“Are you saying that the office of prophet didn’t exist in the New Testament in
    the same way it did in the Old Testament?”

    I admit that I have not make any in depth study on this issue. For now, I can say there are differences and similarities. For example, if a prophet prophesied falsely during the OT times, he could end up under a pile of stones, dead. Today, he could get a television contract! I think in the circumstances of the OT times, it really took a special sort to rise up in genuine prophecy, and that might have some impact on the ‘office’. But in the NT, prophecy was encouraged without this threat of death, making me cautious to the idea of making them equal to the OT prophets.

    “Also, deacons and elders were doing “signs and wonders” in the New Tetament.
    It’s obvious that none of this is taking place today. If those offices still
    exist, and of course they do, then why are deacons and elders still not
    performing these “signs and wonders” today?”

    They selected their deacons and elders differently (Acts 6:3-8). Note of the 7, little is testified of 5, showing that in those days, not every deacon was like Stephen. Today, we have redefined ‘full of the Spirit’ and expect the same results!

    Like I said, Eric. These are the offices proper having clear qualifications laid down. But none included charismata as part of the qualification. These offices emphasized on character and also imply study. The qualifications for these offices had to rise above the presence of the ‘common’ charismata. The charismata were by and for all in the Body. Even ‘problem Christians’ can operate the gifts, as the Corinthian epistle attests. But these despite the charismata they can perform cannot hold the offices. Thus the charismata are incidental to these offices only.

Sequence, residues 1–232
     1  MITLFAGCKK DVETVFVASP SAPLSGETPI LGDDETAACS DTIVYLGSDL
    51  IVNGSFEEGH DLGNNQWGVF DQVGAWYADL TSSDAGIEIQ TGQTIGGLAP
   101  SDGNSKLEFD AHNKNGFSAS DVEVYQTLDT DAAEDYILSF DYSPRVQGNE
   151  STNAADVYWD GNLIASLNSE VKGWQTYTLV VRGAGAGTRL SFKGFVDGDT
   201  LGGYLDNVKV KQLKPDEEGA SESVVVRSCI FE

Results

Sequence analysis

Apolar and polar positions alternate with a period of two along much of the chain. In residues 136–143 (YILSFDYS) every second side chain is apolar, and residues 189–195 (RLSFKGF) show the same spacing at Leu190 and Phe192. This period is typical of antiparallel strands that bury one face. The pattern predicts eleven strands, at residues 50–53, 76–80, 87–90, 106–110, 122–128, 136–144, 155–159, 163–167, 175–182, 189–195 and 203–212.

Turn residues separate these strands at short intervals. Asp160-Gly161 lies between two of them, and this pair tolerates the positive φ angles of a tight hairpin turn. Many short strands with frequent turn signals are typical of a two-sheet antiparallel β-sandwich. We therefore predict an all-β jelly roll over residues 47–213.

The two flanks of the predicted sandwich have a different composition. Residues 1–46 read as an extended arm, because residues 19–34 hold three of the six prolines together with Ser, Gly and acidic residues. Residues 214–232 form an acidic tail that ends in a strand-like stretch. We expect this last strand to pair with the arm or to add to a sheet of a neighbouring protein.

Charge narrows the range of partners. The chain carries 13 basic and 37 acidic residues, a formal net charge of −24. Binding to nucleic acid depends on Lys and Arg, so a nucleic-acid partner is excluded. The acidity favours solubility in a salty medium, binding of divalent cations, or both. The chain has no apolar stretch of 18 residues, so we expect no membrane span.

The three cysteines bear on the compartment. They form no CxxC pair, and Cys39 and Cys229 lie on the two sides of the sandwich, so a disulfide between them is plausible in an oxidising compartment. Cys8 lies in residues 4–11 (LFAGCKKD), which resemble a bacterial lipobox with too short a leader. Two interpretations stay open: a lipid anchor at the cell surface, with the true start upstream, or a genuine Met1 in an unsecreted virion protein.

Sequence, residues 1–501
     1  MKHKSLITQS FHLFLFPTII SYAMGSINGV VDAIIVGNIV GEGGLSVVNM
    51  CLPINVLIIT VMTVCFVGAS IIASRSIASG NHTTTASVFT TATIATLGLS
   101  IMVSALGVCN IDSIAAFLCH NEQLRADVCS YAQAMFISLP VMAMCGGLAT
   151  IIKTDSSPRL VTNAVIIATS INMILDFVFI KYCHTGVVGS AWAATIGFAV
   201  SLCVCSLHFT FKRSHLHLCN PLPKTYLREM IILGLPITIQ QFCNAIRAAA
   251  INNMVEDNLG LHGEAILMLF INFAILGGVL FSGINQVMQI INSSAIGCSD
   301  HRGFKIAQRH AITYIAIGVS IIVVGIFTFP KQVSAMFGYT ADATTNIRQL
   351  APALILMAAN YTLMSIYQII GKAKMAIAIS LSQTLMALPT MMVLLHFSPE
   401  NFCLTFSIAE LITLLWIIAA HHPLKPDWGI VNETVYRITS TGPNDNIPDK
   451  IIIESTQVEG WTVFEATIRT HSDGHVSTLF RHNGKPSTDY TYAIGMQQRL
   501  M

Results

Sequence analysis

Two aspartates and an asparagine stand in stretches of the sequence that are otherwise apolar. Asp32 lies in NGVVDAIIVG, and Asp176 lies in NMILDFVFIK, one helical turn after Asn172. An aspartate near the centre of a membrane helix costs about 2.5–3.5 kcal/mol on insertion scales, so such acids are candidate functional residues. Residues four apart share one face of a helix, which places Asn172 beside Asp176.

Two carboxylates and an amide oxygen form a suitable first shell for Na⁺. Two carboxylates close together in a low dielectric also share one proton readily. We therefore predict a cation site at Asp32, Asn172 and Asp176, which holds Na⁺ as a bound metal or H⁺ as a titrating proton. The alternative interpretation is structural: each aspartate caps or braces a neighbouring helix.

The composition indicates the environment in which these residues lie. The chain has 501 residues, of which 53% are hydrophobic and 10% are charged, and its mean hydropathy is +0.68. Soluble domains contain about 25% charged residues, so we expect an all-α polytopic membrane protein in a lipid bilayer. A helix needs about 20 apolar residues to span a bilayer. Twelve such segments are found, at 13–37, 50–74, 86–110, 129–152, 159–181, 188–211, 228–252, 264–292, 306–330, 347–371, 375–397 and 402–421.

Now if you look at the case of healing by elders in James 5, I cannot see this to be definitely the use of the charismatic gift in 1Cor. It seems to suggest that even if the elders do not have the charismatic gift of healing they can still heal supernaturally by virtue of their ordained authority (symbolized in the bottle of oil). And this ‘authority’ issue is important. For me I see a difference between ‘grace to heal’ of the charismata and ‘authority to heal’ of the offices. The twelve Apostles were also able to heal outside of the use of the charismata based on the authority given in Matt 10:1 BEFORE they received the Spirit at Pentecost.

    So I did not reckon the offices of the elders and deacons ‘charismata’ and did not fit them into Paul’s ‘body’ analogy. If we must fit them in that, I have to admit to contradictory belief!

    “Are you saying that there is no hierarchy within the body of Christ?”

    I think you can see from the above, that I have a strong view of the authority of elders (inc the Overseer, an elder himself). These were commanded by Paul to be set up. Therefore the necessary Divine authority behind these appointments should not be disputed. But it is an upside down hierarchy compared to the World’s. In Christ, the lowest servant is the greatest of all.

    Have a nice weekend.

  10. Eric Kemp Says:

    S.Lim

    No problem in taking a bit to get back to me. There is no rush.

    Quick question before I respond; What do you mean when you use the term “charismata”?

  11. S.Lim Says:

    Eric,
    My use of the term included the sense used in: Romans 11:29, 1 Pet 4:10, Eph 4:7, besides the usual 1Cor ‘s. Crucial to my definition is that according to Rom 11:29, whatever gifts God gave to support His calling of the Church, once given cannot cease to exist though they may be rendered impractical. Those ‘irrevocable gifts’ are what I meant by ‘charismata’. If they can be revoked, then there are not charismata by my understanding of Rom 11:29. It is possible to consider ‘the Word of God’ as a charisma according to this sense.

    I hope this helps. Would appreciate if you think there is a better definition or correction.

  12. Sirius Says:

    See, this is why I identify myself as a charismoderate.

    ;]

    -Sirius Knott